Quality Over Quantity - Similar to "Investment Pieces" above buying quality clothing that will stand the test of time will save you $$$ in the long run. A wise women once said "Buy less, choose well, make it last" - Vivienne Westwood
Recycle - For Example Donating your clothes to a local charity shop
Repairing - Sewing on some new buttons, repair that rip on the seam.
Reselling - Selling your unwanted clothing on a Facebook buy/sell group, at a local market or garage sale.
Reducing - Simple, not buying as much as you would usually. Think about how often you buy new clothes, I challenge you to half it over the next month.
Sustainable - innovative and problem solving manufacturing, from Natural and Organic fabrics, biodegradable materials and non-toxic dyes
Supply Chain - Is a network between a company and its suppliers to produce and distribute a specific product, and the supply chain represents the steps it takes to get the product or service to the customer. Investopedia.com
Slow Fashion - a term introduced by sustainable design consultant Kate Fletcher in 2008. Quality rather than quantity is valued in slow fashion. It is the opposite of the fast fashion industry (see definition above). EthicallyEngaged.Co
Synthetic Fibres - Synthetic fabrics are textiles made from man-made rather than natural fibres. Examples of synthetic fabrics include polyester, acrylic, nylon, rayon, acetate, spandex, latex, Orlon and Kevlar.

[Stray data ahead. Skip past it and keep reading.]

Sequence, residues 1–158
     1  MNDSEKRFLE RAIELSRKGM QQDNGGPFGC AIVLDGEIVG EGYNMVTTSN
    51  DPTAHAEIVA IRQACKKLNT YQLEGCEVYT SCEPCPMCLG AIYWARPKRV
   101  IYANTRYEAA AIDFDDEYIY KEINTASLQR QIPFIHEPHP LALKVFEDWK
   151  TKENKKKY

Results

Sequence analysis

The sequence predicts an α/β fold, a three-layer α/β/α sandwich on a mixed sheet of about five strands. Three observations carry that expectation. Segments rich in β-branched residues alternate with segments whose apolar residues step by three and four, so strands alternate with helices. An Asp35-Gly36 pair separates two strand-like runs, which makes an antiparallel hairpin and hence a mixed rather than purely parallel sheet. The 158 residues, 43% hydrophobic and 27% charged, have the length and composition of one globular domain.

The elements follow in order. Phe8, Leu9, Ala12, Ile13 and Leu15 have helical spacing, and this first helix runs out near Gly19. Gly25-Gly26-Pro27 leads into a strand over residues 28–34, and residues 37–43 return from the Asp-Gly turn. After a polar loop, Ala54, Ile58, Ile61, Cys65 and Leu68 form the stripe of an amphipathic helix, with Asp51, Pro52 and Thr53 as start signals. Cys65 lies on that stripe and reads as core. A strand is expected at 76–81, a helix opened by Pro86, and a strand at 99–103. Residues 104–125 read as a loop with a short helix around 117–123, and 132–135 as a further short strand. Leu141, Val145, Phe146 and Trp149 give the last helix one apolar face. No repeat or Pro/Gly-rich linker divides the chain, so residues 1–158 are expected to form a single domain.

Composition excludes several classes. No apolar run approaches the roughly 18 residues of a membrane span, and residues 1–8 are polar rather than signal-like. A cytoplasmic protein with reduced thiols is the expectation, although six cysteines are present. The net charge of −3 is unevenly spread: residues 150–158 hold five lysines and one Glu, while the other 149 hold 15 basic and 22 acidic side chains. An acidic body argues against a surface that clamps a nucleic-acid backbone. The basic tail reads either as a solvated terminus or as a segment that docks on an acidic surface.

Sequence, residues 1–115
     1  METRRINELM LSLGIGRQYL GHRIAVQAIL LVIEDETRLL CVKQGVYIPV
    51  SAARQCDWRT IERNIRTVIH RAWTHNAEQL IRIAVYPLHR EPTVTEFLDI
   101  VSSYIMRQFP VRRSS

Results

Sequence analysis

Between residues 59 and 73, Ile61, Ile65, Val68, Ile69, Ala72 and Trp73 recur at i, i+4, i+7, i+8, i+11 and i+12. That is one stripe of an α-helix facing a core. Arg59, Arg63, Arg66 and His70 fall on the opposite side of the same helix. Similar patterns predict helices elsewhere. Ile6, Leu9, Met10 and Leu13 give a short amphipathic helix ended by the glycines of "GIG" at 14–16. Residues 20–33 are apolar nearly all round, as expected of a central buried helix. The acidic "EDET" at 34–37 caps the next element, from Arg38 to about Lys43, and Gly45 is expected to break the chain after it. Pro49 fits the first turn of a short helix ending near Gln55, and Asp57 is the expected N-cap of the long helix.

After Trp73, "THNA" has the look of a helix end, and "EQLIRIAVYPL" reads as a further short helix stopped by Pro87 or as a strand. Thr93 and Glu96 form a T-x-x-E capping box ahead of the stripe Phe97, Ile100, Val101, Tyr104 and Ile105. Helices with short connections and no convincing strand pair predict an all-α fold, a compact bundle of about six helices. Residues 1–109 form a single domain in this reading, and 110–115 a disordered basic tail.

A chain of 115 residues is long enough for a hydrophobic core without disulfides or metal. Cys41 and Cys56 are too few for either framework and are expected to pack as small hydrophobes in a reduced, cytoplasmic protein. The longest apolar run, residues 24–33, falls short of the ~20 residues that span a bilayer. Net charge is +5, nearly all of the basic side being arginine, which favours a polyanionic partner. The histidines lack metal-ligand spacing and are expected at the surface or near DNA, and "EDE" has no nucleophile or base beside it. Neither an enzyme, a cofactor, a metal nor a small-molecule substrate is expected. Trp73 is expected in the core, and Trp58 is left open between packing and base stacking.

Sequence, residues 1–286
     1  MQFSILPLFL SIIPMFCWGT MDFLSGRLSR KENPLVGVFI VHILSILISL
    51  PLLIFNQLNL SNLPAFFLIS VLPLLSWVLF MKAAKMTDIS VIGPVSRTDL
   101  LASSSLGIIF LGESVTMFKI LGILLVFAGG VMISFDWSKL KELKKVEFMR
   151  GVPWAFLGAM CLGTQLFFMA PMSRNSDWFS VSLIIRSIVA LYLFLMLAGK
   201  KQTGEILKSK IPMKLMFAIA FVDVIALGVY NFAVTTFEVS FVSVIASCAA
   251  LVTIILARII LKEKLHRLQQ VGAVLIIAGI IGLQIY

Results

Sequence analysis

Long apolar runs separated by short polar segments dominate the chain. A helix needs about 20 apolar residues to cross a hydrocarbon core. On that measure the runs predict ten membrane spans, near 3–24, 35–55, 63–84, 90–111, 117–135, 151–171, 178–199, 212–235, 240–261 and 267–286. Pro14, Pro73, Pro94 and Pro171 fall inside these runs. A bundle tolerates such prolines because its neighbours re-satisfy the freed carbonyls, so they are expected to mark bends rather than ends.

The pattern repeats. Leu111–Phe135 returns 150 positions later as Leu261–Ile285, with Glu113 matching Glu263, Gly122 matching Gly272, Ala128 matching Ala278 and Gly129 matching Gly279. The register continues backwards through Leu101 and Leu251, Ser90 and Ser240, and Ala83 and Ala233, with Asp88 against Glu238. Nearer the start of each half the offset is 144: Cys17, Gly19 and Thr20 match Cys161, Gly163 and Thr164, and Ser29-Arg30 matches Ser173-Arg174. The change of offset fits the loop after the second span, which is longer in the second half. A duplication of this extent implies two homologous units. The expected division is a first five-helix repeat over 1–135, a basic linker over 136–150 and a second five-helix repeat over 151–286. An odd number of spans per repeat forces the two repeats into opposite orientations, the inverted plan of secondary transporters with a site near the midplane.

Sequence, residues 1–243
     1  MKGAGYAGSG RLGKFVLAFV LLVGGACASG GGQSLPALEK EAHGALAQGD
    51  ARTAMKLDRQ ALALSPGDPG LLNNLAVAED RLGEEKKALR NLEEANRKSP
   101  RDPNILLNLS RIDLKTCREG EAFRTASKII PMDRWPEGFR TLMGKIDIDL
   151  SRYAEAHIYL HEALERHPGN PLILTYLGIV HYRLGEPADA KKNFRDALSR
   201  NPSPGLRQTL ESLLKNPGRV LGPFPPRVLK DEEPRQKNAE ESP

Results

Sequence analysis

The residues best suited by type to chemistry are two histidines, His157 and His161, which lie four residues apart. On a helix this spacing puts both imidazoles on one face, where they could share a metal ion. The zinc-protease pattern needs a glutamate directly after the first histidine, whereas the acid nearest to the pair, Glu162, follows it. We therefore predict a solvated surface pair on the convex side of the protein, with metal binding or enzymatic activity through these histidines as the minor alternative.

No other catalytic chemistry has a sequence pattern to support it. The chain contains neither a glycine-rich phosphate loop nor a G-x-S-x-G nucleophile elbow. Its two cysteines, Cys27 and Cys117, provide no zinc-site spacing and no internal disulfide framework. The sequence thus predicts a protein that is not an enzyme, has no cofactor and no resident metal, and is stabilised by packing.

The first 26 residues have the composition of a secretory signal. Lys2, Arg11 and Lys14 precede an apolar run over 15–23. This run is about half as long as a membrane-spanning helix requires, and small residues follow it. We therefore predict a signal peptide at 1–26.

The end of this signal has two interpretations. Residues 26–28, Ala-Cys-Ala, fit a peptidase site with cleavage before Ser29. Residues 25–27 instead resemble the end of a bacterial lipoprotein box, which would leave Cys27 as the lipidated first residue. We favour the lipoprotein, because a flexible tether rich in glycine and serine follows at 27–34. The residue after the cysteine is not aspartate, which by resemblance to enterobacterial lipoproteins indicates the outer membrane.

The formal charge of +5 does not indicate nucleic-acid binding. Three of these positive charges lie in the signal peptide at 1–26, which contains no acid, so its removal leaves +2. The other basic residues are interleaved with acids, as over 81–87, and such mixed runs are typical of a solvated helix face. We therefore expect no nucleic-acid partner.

Slave to Fashion - A book and campaign by the wonderful Safia Minney to raise awareness of modern slavery in the fashion industry and shows how it can be eradicated by business and us as consumers.
Transparent Production - Brands that can tell you who, how, where and when their products were made. A simple and transparent supply chain from crop to shop.
Trans-seasonal - Clothing that can be worn all year round in summer and in winter, like a classic tee.
Textile Waste - is a material that is deemed unusable for it's original purpose. Textile waste can include fashion and textile industry waste which is created during clothing production, and consumer waste, created during consumer use and disposal. Read up on some scary stats here.
The True Cost - A documentary film that go behind the scenes and puts the fashion industry under the magnifying glass. It is a real eye opener and if you haven't yet watched it. Here's the trailer.
Up-Cycled - It’s almost like giving unwanted materials a facelift. Upcycling, also known as creative reuse, is the process of transforming by-products, waste materials, useless and/or unwanted products into new materials or products of better quality or for better environmental value.
Vegan Friendly - It’s simple. We like animals. No animals were harmed in the making of these products.
Vintage - Vintage clothing is a generic term for garments originating from a previous era. The phrase is also used in connection with a retail outlet, e.g. "vintage clothing store.
Values - Every person has different values, that's what make us all interesting. So when it comes to shopping you should also have the option to choose to shop brands that align with your values.
Water Waste - It can take more than 20,000 litres of water to produce 1kg of cotton; equivalent to a single T-shirt and pair of jeans. wwf.panda.org
War on Waste - Craig Reucassel presents a three-part series, on a mission to see if we, as a nation, can reduce our waste. #WarOnWasteAU
Zero Waste - Today’s throw-away societies create and dispose of vast quantities of waste every day. Zero waste means setting a new goal for how we live in the world – one that aims to reduce what we trash in landfills and incinerators to zero – and to rebuild our local economies in support of community health, sustainability, and justice.